Independent breweries and big beer companies such as InBev (Beck’s, Budweiser) are investing in the Southeast Asian nation’s boozy potential. The population drinks three billion liters annually, according to a report from the Vietnam Beer Alcohol Beverage Association (VBA) earlier this year more beer than anyone else in Asia besides China and Japan.

Added to this thirst are tempting demographics: the Vietnam Growth Report 2015 indicated that 85 percent of the country’s 90-million strong population is aged under 40. It also has a growing middle class with the disposable income to drive sales of high-end beer.

But forget about Budweiser and the other giants, many expats and Vietnamese agree that suds don’t come more refined than craft beer. Quality and consistency, says Sean, will be at the top of the agenda at East West. “For me personally, the purity of beer is water, hops, malt and yeast. If you can make those ingredients shine in a beer, that’s technically more rewarding to me, doing just that, but I do also love to get creative and work with unusual ingredients. I really appreciate the people who are doing that around here, too.

“It’s important to balance creativity with technically sound brewing. Something that I have learned is there’s a lot of people making creative beer but everybody really wants something that they make over and over again to be consistent and done right,” he adds.

All of the company’s hops will be sourced from New Zealand, Australia, Germany, and the US, providing for its selection of between 10 and 12 beers on the board at a time. These include its flagship drink, East West Pale Ale (6%), zesty with undertones of mild honey and a floral aroma. With scents of pine and melon, the Far East IPA (6.7%) is set to be another favorite, and running alongside are a group of traditional choices. Look out for wheat ale Summer Hefeweizen (5.9%), which uses Germany hops, the Modern Belgian Dark (8.1%), and the Modern Belgian Blond (7.6%). The big hitter, Independence Stout (12%), is perhaps an option best nursed throughout the night. Sean says their Coffee Vanilla Porter (7%) uses coffee beans sourced from a farm in southern Vietnam.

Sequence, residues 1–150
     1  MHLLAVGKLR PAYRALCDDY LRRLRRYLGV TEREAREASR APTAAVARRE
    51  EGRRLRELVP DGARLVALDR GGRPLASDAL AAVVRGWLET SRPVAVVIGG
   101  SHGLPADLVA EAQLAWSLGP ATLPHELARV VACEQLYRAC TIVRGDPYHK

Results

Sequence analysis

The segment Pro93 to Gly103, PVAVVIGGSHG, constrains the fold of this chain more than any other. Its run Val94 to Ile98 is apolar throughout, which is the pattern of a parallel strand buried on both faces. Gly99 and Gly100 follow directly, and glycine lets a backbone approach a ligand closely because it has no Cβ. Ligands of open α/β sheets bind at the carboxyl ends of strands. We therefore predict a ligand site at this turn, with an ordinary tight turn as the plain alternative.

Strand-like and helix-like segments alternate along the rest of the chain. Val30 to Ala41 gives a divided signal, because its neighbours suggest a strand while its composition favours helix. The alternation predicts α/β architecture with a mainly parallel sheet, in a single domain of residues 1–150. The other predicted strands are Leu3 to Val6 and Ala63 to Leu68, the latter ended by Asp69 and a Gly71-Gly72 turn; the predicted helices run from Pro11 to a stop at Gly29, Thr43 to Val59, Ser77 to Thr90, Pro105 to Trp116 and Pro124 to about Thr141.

“(The buyer) works with the farmers to help them to sustainably grow coffee,” he says. “We’re trying to find local farms, and work with local people.

Hinting at his future concoctions, he adds, “We will do long running seasonal beers— rye gold, Belgium triple, traditionally based.” And with the 100-liter system, he wants to get creative. “We’ll do all sorts of fruit and herb infusions.”

East West will also boost its repertoire by potential collaboration with Stone Brewing for the first three months of next year. The tenth largest craft brewer in the US, Stone Brewing seeks out artisanal brewers across the world to show the public “there are more and better choices beyond the world of industrial beer,” according to its mission statement. With the help of breweries like East West, Vietnam has just begun exploring this rich and flavorful new world.

Follow their pages on Facebook or Instagram @eastwestbrewery for updated information on the opening.

(photo taken from above the construction site of the future East West Brewing Co.)

Text by Lorcan Lovett

Image by Ngoc Tran